Property & Construction Daily

The Property & Construction Daily provides a sector-specific comment from leading analyst Alastair Stewart. His daily perspective provides a round-up of market statements, news, economics and views from the property and construction sectors.

November 23, 2022

Government pushes ahead with £3bn Building Safety Levy (MRL, HICL)

Company news

Marlowe (MRL, 732p, £702m mkt cap)

Safety and compliance provider to commercial properties. HY (Sep) results. Rev +66%, £223m; EBITDA margin, 18.8% (H1 22, 17.8%); PBT +74%, £26.4m; stat PBT +6.3%, £1.7m; EPS +39%, 22.3p; div, 0p (0p); net debt, £184m (£62m); net debt/EBITDA, 2.1x (YE 22, 1.6x), within target range, 1.5 – 2.5x. Trading: U-lying organic revenue +8%, with both divisions growing in excess of market. Governance, Risk & Compliance (GRC), +168%, £92m (organic, +7%); Testing, Inspection & Certification (TIC) +30% £131m (+9%). “Organic growth driven by good levels of new business and increasing market share, increasing client lifetime value, cross-sell and price increases”. Margins increased through integration synergies, increased scale and efficiency and revenue from higher-margin business streams. £44m capital invested this financial year in ten bolt-on acquisitions, for an average multiple of 6.8x adj EBITDA. Outlook: “We expect to continue delivering strong financial performance with trading for the full year expected to be slightly ahead of expectations incorporating continued high single digit organic growth. We are continuing to effectively manage inflationary environment. Finance costs for the full year will reflect the increase in borrowing costs due to the significant increase in base rates and the enlarged debt facilities. We continue to expect to reach c. £500m run-rate revenue and c. £100m run-rate adj EBITDA with 90%+ cash conversion materially ahead of original end of FY24 target. There are continued strong levels of demand across Marlowe’s client base, supported by the non-discretionary nature of our services & software which are driven by regulatory requirements”.

HICL Infrastructure (HICL, 168p, £3,417m)

Listed infrastructure investment group with diversified portfolio of 117 investments in UK, Europe and N America. HY (Sep) results. Income -20%, £126m; EPS -28%, 5.2p; interim div +0.7%, 162p; targeted FY div, 8.25p (FY 21, 8.25p); NAV +0.7%, 164p. Trading: “Performance was primarily driven by higher inflation,  increases in deposit rates and the weakening of Sterling. These factors offset the increase of 0.5% in the portfolio’s weighted average discount rate to 7.1%. This reflects the significant increase in long-term government bond yields, particularly in the UK, and the corresponding reduction in the implied equity risk premium over the last six months”. Four new investments made during the period spanning traditional and modern economy sectors and “add diversification across attractive markets, improve portfolio metrics and further position the company for growth.HICL’s robust performance over this period is a result of its careful portfolio construction. Assembling assets with low beta, high inflation correlation and robust capital structures serves to protect portfolio value, particularly in higher inflation and interest rate environments”. Outlook: “Ageing infrastructure and the powerful global megatrends of decarbonisation and digitalisation continue to drive procurement and investment across HICL’s core markets. A disciplined long term acquisition strategy, combined with continued active management of a diversified portfolio allows the company to provide sustainable income and capital growth to its shareholders [and] position HICL to operate in challenging market conditions, and unlock attractive new investment opportunities where appropriate”.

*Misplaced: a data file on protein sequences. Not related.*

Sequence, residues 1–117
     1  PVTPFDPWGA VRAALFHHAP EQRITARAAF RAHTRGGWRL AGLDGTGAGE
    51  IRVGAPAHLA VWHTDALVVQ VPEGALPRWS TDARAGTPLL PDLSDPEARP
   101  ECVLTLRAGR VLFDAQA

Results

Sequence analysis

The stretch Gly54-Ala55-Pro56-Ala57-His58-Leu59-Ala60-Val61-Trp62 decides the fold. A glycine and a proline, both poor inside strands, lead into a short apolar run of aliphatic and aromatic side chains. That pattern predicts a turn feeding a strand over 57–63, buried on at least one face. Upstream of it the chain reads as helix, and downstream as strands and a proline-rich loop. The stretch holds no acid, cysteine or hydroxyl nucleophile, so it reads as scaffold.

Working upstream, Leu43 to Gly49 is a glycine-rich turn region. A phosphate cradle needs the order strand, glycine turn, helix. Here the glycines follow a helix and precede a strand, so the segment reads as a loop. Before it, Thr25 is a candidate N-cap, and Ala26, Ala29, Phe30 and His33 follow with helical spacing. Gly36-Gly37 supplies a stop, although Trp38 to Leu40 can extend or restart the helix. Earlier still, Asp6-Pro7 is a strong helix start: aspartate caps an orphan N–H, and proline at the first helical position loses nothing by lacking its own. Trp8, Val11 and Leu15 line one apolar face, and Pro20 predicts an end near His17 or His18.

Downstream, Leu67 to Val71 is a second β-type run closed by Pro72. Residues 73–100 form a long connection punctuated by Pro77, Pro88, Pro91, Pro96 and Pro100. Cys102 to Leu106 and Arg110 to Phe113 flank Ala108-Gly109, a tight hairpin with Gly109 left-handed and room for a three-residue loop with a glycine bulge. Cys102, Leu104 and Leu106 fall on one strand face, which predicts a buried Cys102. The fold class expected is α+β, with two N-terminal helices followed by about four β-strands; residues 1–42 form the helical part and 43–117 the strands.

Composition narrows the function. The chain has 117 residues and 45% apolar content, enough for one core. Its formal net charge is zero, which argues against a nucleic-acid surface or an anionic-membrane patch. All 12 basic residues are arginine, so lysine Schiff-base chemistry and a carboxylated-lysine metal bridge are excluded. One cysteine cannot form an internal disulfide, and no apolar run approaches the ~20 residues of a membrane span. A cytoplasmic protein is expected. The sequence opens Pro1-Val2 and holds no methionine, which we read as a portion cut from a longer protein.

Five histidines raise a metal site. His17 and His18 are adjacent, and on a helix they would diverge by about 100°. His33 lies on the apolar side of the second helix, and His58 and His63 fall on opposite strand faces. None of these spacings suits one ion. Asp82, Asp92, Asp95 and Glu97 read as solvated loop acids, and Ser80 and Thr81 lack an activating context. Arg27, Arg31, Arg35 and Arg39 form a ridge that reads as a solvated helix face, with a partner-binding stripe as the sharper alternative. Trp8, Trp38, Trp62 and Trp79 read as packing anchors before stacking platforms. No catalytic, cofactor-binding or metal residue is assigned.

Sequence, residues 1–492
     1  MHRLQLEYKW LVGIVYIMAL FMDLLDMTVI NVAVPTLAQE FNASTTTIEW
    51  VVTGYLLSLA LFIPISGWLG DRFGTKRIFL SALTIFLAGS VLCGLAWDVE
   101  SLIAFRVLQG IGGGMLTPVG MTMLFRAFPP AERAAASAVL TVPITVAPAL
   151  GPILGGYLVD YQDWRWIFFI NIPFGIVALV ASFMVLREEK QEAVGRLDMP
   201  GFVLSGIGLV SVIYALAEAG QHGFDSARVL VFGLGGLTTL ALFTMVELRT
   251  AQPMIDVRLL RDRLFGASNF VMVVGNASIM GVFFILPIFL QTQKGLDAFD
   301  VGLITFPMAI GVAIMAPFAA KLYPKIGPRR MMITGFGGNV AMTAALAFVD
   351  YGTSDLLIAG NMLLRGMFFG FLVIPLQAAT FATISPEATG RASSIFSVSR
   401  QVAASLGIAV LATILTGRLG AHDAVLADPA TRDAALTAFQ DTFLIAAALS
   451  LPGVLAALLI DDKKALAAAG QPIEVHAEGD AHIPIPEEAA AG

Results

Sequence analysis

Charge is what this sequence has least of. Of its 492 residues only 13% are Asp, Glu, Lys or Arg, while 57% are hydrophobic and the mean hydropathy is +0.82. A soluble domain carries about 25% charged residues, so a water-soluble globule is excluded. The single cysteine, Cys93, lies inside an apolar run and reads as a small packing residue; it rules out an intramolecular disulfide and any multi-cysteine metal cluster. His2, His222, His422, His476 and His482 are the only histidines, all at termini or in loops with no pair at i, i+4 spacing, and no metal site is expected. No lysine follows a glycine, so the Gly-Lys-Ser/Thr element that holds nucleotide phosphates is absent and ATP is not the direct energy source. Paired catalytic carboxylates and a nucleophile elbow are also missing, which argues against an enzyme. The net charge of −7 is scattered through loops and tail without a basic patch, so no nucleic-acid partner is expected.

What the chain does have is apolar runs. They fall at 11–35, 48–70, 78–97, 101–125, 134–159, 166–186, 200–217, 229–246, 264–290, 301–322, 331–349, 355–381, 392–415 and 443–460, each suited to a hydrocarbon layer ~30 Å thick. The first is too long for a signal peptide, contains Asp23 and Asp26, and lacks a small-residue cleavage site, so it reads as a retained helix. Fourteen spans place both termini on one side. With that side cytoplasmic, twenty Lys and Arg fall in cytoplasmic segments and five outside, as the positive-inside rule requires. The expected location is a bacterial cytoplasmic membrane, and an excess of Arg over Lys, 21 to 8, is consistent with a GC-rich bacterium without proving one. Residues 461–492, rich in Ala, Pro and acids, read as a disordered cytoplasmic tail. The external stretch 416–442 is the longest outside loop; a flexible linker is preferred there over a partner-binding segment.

In other news …

Building Safety Levy. The Government has set out details of how it plans to charge developers to fix unsafe buildings as it prepares to impose the Building Safety Levy, ConstructionEnquirer.com (link). The Department for Levelling Up, Housing and Communities has started consulting developers on the plans, which will see £3bn collected over the next 10 years. Under the proposals, developers of residential buildings, regardless of their height, will have to pay the levy contribution as part of the building control process. he supply of affordable homes will be exempt from a levy charge. Unless the levy is paid, a developer will be blocked from advancing plans, which could lead to project delays and impact future revenues. The Building Safety Levy will run alongside the separate pledges by 49 leading house builders to fix life-critical fire-safety defects in buildings over 11m developed by them in the last 30 years. Consultation will end on 7 February with industry feedback considered before any final decisions are made next year.

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